Full day AIMSUN Training Seminar on “How to use AIMSUN Next for ITS applications”
A full-day AIMSUN Next Training Seminar will be offered to a limited number of 50 researchers and practitioners. This training seminar is focused on the use of the AIMSUN Next traffic simulator and on evaluating the application of different traffic management strategies and policies. Also, the AIMSUN Next Training Seminar aims to provide further insight into the application and evaluation of Intelligent Transportation Systems (ITS) by using the AIMSUN Next traffic simulator.
AIMSUN Next allows you to carry out traffic operations assessments of any scale and complexity. The applications are endless but some of the most common are:
- Assessment and optimization of Transit Signal Priority (TSP) and Bus Rapid Transit (BRT) schemes
- Feasibility studies for High Occupancy Vehicle (HOV) and High Occupancy Toll (HOT) lanes
- Impact analysis of infrastructure design such as highway corridor improvement/construction
- Environmental impact analysis
- Toll and road pricing
- Evaluation of travel demand management (TDM) strategies
- Signal control plan optimization and adaptive control evaluation
- Safety analysis
- Evaluation of Variable Speed policies and other ITS
- Highway Capacity Manual (HCM) analysis
- Workzone management
- Evaluation of the impact of connected and automated vehicles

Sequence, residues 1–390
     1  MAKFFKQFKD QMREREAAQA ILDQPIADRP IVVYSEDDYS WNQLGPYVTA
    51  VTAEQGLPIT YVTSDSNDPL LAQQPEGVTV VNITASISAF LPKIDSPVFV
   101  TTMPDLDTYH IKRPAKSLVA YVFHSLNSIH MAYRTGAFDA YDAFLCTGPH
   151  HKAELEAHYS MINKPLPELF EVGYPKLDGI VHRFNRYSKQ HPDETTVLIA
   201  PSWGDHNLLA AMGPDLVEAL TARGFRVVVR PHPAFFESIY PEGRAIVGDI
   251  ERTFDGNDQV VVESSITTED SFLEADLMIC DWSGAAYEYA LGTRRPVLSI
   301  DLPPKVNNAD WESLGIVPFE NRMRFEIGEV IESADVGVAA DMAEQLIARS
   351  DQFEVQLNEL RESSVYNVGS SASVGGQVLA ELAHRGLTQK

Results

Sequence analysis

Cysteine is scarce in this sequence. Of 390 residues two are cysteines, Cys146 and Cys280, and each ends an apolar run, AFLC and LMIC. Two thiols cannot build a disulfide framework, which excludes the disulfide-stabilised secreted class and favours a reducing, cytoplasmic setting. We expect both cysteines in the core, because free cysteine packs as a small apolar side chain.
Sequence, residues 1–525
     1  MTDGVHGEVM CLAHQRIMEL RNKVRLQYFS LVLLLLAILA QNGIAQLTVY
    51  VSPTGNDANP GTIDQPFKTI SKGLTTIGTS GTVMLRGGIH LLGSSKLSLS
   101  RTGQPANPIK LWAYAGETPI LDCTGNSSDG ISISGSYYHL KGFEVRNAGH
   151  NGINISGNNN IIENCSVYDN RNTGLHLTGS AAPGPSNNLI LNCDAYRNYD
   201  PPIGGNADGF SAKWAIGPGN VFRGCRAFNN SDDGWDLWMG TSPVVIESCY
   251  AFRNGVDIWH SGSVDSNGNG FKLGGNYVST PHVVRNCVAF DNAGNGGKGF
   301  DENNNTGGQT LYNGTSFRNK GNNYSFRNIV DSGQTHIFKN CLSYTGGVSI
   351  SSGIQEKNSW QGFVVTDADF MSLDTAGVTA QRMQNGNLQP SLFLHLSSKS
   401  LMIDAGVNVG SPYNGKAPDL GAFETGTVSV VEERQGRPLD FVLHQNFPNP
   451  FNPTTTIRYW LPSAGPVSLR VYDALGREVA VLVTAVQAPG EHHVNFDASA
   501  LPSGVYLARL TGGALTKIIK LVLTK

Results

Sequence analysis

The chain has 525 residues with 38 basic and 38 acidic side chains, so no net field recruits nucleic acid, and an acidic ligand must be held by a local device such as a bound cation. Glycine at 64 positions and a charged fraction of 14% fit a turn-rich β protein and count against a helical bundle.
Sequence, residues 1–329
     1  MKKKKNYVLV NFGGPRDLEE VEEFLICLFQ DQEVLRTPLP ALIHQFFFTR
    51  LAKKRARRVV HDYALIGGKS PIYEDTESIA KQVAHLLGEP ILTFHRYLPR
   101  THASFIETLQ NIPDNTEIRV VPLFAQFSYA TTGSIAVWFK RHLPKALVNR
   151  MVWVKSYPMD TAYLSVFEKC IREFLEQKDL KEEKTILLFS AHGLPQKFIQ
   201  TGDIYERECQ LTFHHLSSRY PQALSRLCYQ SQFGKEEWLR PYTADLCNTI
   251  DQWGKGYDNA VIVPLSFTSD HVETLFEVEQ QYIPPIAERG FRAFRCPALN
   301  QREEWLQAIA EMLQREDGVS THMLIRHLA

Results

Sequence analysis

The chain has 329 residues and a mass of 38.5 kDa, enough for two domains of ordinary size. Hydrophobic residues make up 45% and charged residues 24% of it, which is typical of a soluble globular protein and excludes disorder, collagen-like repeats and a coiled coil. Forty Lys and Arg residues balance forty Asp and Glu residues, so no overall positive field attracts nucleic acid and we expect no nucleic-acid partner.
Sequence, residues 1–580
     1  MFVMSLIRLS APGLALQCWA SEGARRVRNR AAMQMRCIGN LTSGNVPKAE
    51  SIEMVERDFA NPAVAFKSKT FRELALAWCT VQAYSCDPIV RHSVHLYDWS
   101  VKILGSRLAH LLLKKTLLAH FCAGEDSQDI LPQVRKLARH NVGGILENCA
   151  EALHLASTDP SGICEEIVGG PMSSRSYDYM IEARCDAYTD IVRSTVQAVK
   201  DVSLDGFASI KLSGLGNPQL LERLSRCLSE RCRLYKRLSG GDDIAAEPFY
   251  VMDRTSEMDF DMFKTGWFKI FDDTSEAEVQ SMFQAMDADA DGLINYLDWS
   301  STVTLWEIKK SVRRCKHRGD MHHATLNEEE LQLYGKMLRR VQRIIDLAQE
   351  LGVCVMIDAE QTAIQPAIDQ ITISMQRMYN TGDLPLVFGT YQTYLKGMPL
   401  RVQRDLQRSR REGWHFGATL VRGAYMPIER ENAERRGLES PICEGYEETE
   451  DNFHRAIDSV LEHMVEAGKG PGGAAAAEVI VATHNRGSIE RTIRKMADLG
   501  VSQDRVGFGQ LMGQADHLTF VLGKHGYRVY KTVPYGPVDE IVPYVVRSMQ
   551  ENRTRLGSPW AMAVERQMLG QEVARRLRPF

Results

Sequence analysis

- Editing – hands-on exercises
- Traffic management
- Application programming interface
Participation in the course
In the IEEE ITSC 2020 registration platform, you will have the opportunity to choose whether you want to participate in the full day AIMSUN Next Training Seminar. The full-day AIMSUN Next Training Seminar will be offered to a limited number of 50 participants on a first-come, first-served basis. The course is free of charge and available only for IEEE ITSC 2020 participants.
Meet the instructor
Dimitris has 9 years of experience in transportation planning and multi-resolution traffic modeling. He is a senior product specialist for both Aimsun Next and Aimsun Live modeling solutions and has deep knowledge of all levels of modelling approaches in Aimsun Next traffic simulation software. Dimitris’s areas of expertise include the development of Python scripts and Aimsun Next APIs to assist calibration; emulation of signal controller logics and ITS systems; and post-process simulation outputs calculating performance indicators. Dimitris has been the technical lead on multi-disciplinary projects combining traffic modeling, engineering and economic components: large-scale projects with real-time traffic management and air quality components; post-incident traffic management strategies; emergency evacuation studies; Aimsun Next feature development e.g., SATURN importer and SCATS ITS Dataport; advanced calibration and validation of large-scale models.